• Average: ★★★½☆ I love this book, but the flaws are also significant. I still think it’s the best straight-up retroclone; not a “new game sort of like D&D”, but “what D&D was like when I liked it”.

Harry Potter and the Natural 20

The best fanfic I’ve ever read (a short list, but generally not good), more rational than HP and the Methods of Rationality. Take a munchkiny D20 3.5 Magic-User Wizard, drop him into the story, watch how a little adventurer-logic fixes everything. Except where it goes far off the rails, because Milo’s tenacious but doesn’t quite understand NPC human behavior.

I binge-read book 1 of HP:N20 in a couple days, I’m trying to pace out the last bit; doesn’t look like it finishes book 2.

I know I’ve seen a few magical school modules, but I can’t find them. Not a lot ever tried, because Rowling/Scholastic are aggressive litigators and she doesn’t seem to like/understand RPGs.

  • Principalities of Glantri from 1987 had a School of Magic section, including a campaign setup for playing children at this boarding school, magical duelling, and the kind of constantly-hazardous “education” Hogwarts would be infamous for 10 years later.
  • College of Wizardry is one of those books I almost bought, but “eh, it’ll be boring, uncontroversial pablum, like all 2E stuff”.
  • Magic & Mischief is a Lasers & Feelings type game about Hogwartsy games, which might work as the system for non-D20 wand wizards.
  • Scholomance, by R. Lee Smith is on my reading list, and certainly looks like good material for a different magical school.
  • Witch Girls Adventures made a lot of noise when it came out, but I’m the wrong demographic for it.

Also, the fanfic is full of useful information:

D&D Tip: You know how Elmer Fudd feels when he’s chasing Bugs off a cliff and keeps running for awhile until Bugs hands him a book explaining gravity and he falls? Turns out that’s how D&D works, too. Check this out:
Monks are not actually proficient with unarmed strike.
Now that you know, you can’t unlearn it.
Happy gaming!

Dragon+ Magazine

Dragon+ magazine has some interesting content, mostly in the maps and some paintings (Hasbro can certainly afford good artists).

But the reader is a cruel joke. What is Hasbro doing? There’s an iOS app, Android app, and web version, but no PDF. It’s free-as-in-kittens content, why do I have to page thru this abysmal UI they’ve cobbled together? Or why can’t it just be a series of static, usable web pages, which might even be searchable?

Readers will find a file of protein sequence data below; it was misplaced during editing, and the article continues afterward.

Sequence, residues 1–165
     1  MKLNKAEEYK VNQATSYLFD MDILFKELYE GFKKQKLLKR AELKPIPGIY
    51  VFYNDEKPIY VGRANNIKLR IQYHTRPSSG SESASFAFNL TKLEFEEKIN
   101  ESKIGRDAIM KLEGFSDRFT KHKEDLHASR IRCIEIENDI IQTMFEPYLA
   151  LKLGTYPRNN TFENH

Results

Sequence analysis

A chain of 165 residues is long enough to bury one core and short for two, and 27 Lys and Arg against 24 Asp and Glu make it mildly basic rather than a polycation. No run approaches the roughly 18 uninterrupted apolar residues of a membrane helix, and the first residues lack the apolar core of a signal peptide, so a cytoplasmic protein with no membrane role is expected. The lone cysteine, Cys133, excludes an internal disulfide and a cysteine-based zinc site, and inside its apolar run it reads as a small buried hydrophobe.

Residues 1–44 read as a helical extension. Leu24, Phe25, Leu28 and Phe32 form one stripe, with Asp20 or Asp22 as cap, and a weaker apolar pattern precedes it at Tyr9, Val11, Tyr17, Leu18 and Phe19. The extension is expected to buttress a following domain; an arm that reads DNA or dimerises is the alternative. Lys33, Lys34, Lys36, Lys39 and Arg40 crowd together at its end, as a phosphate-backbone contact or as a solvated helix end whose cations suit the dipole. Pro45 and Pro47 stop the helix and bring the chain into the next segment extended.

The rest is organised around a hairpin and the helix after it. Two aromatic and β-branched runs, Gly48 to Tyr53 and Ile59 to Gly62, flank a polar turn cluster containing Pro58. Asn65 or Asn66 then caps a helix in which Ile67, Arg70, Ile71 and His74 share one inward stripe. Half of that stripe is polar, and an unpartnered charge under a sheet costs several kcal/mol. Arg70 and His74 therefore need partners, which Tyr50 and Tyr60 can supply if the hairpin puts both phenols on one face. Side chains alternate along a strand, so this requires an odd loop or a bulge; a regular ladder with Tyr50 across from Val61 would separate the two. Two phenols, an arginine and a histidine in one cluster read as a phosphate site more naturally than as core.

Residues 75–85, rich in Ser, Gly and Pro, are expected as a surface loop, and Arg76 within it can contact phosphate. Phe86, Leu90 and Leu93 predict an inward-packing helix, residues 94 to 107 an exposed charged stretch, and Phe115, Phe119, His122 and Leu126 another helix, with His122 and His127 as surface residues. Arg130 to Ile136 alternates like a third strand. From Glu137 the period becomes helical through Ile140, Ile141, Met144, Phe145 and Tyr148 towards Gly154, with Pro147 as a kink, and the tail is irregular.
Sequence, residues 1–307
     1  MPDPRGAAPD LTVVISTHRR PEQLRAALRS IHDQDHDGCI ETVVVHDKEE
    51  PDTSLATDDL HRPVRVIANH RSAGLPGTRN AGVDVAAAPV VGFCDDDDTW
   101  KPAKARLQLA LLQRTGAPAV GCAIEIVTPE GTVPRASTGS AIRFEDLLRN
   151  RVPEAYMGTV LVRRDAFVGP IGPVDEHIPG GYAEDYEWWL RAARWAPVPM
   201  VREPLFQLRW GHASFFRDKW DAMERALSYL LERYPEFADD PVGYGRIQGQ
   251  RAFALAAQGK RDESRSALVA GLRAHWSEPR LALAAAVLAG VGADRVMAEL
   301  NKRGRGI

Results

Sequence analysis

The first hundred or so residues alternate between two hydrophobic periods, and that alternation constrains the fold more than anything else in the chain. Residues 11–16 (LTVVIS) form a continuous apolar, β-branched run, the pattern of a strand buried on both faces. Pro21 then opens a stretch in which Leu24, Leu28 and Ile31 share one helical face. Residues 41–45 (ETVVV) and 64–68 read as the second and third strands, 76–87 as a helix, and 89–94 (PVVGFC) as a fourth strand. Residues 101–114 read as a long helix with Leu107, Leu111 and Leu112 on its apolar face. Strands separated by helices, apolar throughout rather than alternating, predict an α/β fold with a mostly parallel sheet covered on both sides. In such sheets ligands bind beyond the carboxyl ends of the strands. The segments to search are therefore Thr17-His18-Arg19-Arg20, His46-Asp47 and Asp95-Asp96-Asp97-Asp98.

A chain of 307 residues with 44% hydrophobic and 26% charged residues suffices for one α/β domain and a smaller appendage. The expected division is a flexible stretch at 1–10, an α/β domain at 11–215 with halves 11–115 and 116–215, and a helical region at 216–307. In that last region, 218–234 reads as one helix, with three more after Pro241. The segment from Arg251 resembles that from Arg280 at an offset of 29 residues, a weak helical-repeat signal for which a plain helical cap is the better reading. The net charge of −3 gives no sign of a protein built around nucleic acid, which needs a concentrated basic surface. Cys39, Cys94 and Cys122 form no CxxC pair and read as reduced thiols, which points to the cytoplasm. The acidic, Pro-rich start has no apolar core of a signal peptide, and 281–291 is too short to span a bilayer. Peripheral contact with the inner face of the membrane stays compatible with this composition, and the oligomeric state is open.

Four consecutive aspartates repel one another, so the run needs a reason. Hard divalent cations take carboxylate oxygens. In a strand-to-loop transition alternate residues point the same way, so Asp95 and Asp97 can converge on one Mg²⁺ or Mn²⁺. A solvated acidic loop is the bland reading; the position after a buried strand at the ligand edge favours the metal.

D&D Survey

Hasbro has a D&D Survey which you should take, if you think the current edition’s direction needs adjustment.

My feedback comment:

Lack of PDF editions of 5th edition makes it a complete non-starter to me. I have the SRDs, which are fine for understanding the game if I’m ever in a group which will only play it, but if Hasbro can’t be bothered to publish in the format I use, I won’t buy. Meanwhile I can get every other game and module ever made as a PDF on my iPad.

While I liked Greyhawk back in the ’80s, I’m not a fan of necrophiliacs digging up Gary’s grave looting his setting and breaking everything because they didn’t take the time to understand it. Most of Hasbro’s would-be module or setting writers are hacks who can’t publish a novel, so they wreck settings or write linear trash adventures.

Compare basically anything published for 5th ed with anything by Lamentations of the Flame Princess or Venger Satanis, and it’s just laughable that anyone would choose Hasbro.

Do better or stop trying.

Beyond D&D

Just a quick note, the D&D Beyond site is now up.

Character creation seems OK, though I was unable to pick a multiclass before rolling ability scores, so the workflow there is backwards. It exports a decent PDF form, but only listed my “prepared” spells, leaving off two known spells. Still some work to do.

Compendium lets you buy digital rulebooks… Which seem to be only on the site, not PDFs, and rather hilariously have all the subclasses as DLC/addons/Pay-to-Win. No shit, you pay $1.99 to be an Assassin. Or $3.99 to choose from backgrounds like Charlatan, Urchin, or Pirate. I can’t even tell if this was a joke that went too far, or what. It’s a fucking role-playing game, man, you can write whatever you want in your background.